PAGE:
Finally, the Organization of Islamic Cooperation (OIC) has decided to convene an extraordinary ministerial meeting in Islamabad on December 19 to discuss the humanitarian crisis in Afghanistan. The session should provide an opportunity for the 57-member organization to look for solutions for the looming crisis in the war-torn country. It is the second extraordinary meeting of the OIC being held in Pakistan after 41 years. The first such meeting took place in 1980 after the Soviet invasion of Afghanistan. Apart from Pakistan, which sensitized the countries globally, the credit should go to the Saudi Crown Prince Mohammad bin Salman who agreed to convene the OIC ministerial meeting to help mitigate the Afghan miseries.
The change in Afghanistan was on expected lines, but the change would come so sudden was not expected; even the Taliban are puzzled. Now the country faces a dire future. The religious militia may have succeeded in convincing the Americans to leave the country, but for the time being, the victorious Taliban are seeking international assistance to feed the people. It is much easier for Americans to resort to sanctions than to lose American lives in a remote corner of the world.
The American exit from Afghanistan is perplexing from different angles. The Afghanistan war turned out to be America’s longest war of its history, so was for the Afghans. Despite being an absolute power, the US had to leave the country without gaining much. Rated as terrorists, the Taliban entered into dialogue with the Americans as interlocutors and convinced the latter to withdraw from the country. In return, the Taliban agreed not to allow the Afghan soil to become a sanctuary for the Al-Qaeda or Daesh.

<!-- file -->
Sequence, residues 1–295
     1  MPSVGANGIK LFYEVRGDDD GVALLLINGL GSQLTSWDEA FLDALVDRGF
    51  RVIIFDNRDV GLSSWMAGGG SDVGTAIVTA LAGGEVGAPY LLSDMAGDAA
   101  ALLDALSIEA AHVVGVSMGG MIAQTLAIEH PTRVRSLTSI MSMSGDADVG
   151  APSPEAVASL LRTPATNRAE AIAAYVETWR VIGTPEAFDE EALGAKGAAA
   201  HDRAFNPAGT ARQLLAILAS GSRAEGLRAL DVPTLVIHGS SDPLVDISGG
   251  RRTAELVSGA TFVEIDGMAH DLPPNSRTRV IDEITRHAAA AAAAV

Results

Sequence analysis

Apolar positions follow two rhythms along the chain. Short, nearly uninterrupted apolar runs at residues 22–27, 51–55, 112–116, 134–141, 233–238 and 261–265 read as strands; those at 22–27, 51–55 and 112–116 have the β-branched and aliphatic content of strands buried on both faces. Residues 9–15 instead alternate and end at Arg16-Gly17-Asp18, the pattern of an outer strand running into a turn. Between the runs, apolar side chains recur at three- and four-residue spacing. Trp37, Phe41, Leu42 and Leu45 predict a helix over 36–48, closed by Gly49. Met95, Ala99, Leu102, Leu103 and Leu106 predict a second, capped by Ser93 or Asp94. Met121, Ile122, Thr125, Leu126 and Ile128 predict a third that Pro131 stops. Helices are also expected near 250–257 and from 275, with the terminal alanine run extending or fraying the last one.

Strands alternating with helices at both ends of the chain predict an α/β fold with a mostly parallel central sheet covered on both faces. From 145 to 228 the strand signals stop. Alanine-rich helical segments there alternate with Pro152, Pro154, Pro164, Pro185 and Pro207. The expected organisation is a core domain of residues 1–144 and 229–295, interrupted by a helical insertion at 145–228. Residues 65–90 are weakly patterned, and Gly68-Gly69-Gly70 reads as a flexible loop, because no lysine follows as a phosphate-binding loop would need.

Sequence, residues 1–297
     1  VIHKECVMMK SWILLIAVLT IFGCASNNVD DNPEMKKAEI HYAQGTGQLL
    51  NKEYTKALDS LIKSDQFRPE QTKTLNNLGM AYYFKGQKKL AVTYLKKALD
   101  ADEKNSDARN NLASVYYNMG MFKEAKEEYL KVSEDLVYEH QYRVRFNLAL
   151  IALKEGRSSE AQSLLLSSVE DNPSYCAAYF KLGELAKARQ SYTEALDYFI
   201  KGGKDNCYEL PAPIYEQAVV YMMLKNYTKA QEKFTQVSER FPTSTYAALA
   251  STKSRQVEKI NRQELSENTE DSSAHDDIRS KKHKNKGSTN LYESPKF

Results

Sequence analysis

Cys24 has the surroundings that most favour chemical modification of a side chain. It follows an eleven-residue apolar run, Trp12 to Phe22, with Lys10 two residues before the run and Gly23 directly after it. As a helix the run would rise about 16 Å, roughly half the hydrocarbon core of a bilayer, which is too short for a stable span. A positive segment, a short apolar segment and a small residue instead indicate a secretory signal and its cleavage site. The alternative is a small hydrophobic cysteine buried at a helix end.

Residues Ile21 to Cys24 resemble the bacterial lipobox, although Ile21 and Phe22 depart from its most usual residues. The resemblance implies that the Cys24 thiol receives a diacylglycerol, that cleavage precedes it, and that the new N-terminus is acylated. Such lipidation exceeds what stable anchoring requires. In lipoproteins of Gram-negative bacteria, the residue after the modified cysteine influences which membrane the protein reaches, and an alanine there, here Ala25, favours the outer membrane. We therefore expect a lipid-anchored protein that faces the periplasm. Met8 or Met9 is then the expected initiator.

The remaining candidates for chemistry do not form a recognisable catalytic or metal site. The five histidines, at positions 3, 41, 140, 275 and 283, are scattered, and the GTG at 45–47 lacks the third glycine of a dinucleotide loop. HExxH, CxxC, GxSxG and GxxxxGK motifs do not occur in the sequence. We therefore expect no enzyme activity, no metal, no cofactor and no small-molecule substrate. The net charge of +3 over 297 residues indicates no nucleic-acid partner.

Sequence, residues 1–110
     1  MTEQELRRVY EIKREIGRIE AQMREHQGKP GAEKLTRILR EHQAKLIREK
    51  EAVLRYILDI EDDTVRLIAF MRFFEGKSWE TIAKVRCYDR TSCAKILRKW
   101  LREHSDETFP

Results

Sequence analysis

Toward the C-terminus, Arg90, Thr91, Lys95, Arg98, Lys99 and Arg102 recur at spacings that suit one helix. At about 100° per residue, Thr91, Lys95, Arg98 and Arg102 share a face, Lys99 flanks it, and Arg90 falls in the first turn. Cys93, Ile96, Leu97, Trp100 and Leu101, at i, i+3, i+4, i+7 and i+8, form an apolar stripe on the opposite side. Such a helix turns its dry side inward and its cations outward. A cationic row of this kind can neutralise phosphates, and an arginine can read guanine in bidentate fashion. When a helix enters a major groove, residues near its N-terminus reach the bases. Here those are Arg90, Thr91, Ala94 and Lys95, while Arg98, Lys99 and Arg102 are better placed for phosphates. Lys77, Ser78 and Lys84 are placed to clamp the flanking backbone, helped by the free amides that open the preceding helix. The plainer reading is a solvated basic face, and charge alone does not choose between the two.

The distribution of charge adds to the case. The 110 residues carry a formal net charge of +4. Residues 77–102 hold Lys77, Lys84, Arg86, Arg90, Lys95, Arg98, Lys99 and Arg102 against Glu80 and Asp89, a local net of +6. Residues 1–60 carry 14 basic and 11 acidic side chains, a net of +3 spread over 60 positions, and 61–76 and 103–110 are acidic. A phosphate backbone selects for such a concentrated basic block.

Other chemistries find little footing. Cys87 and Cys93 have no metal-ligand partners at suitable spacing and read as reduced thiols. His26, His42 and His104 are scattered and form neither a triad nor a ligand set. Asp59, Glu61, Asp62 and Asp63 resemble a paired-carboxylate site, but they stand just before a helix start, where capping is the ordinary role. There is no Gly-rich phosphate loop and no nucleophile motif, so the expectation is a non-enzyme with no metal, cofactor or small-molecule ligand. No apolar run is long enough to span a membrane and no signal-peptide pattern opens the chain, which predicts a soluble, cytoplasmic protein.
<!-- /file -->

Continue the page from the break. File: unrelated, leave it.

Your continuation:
Ideally, the US-Taliban agreement should have ended the animosity between the parties, but this has not been the case. Despite promising to delist the Taliban from the 1267/1988 sanctions list of the UN Security Council by 27th May 2020, the US failed to honour its commitment.
The ground reality is that none of the countries has recognized the Taliban regime, not even Pakistan, which facilitated the talks between the Taliban and the Americans. The primary reason for countries’ reluctance to recognize the Taliban regime is the American annoyance. Most of the countries do not want to be on the wrong side of the United States. However, a host of factors should encourage the countries to calibrate their policies towards the Taliban regime to avoid pushing the poor Afghan population into an avoidable catastrophe. There could be mutual obligations that the Taliban and their interlocutors may adopt.
First, the Taliban can widen the base of their government to make it more inclusive. They must listen to the international voices which call for an inclusive government that may satisfy the broader sections of Afghan religious and ethnic minorities.
Second, the question of human rights, including women’s rights, in Afghanistan has become a permanent talking point with the American and EU partners. The Taliban’s common refrain that they would observe human rights, including women’s rights, under the tenets of Islam does not satisfy even the Muslim countries forget about the non-Muslim societies. In this regard, women’s education is the major bone of contention as the Taliban’s logic does not convince anyone. Therefore, the Taliban will have to decide to be a part of this world or isolate the country to an uncertain future.